I stand facing into the wind and gently shake a corn stalk to bless myself with its pale, scented pollen. The ears are emerging, and I hope the generous falls of visceral pink silks announce cobs of sweet seed larger in proportion to their spires. Will all the fruits and grains and vegetables be runted? The eternal optimist, I think, perhaps these smaller specimens will be concentrated in their flavor, hard won under this unrelenting sun.

The wasps are building a nest in the cow skull on the table where I sit beneath the maple tree, so I move to the shade of the leaning spruce to read a letter (when I opened the mailbox to receive it a butterfly fluttered out. The world is full of such encouraging portents) and watch the garden cope with another days ample portion of summer light and heat. The round bales along the road shine in their plenty.  Whatever else, its been a banner year for hay.

I discover three grand, heady, sweet strawberries waiting to be thoroughly enjoyed in the grassy patch in the corner of the garden. Just the smell of them reaffirms my faith in the world conspiring to make of me a wiser, wilder, happy woman. This letter composed, as always, over many many days, little notes taken along the road. And that road winds along into all the future nows until we find ourselves across the creek from each other, waving neighborly.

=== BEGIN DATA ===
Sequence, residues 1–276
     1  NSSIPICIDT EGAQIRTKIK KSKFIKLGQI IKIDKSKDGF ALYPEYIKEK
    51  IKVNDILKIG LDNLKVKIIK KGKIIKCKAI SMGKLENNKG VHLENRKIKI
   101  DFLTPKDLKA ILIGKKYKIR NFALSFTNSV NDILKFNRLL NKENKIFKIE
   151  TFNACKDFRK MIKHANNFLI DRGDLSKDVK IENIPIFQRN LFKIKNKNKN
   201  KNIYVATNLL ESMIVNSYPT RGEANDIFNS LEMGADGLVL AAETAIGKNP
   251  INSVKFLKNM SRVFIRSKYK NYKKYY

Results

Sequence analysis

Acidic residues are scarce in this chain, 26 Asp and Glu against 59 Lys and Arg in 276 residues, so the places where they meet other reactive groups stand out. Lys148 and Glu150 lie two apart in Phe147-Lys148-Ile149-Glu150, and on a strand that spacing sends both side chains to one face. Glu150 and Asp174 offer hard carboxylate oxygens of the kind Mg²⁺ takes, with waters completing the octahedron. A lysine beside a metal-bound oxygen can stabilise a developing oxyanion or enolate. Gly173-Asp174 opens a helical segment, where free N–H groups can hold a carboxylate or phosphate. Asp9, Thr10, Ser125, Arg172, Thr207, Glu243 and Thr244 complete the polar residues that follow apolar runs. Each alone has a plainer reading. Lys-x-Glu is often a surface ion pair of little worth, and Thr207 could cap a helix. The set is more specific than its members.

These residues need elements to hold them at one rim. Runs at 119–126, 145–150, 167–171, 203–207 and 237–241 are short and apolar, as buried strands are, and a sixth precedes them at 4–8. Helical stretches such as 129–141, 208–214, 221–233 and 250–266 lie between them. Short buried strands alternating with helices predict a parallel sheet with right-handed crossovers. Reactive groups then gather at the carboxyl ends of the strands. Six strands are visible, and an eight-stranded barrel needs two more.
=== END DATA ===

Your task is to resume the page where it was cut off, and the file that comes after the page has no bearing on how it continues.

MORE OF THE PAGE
We love you.

03 July 2012

"Goldfish that are confined in small aquariums 
stay small. Those that spend their lives in ponds get much bigger. What 
can we conclude from these facts? The size and growth rate of goldfish 
are directly related to their environment. I'd like to suggest that a similar 
principle will apply to you Librans in the next ten months. If you want to 
take maximum advantage of your potential, you will be wise to put 
yourself in spacious situations that encourage you to expand. For an extra 
boost, surround yourself with broad-minded, uninhibited people who have 
worked hard to heal their wounds."
this week for libra, via freewill

30 June 2012


23 June 2012

Letters from the Outside, #60

 A blush on the strawberries. I take advantage of the wet weather to pull some tall grass out from behind the Roses. Eventually theyll get tucked in with pennysaver pages and hay flakes, but its a start. Its easier and more effective to hoe on a hot day through the encroaching waves of bitty little weeds but the big brave redroot is a joy to pluck. I spied, and thankfully failed to trod upon, one Tulsi seedling. Blessed Be.

 The corn rises every day, and everything Ive planted out has settled in, even the tiny Tomatoes hold their ground. Surprise reseeded squash flourishes in that delightful upright parasol way of it own, the pumpkin all accounted for. Beans and cucumbers in, lettuce red-speckled and joyful in their beds. But we could use a string of good hot days, dry things out, encourage these little spirits to reach for the Sun.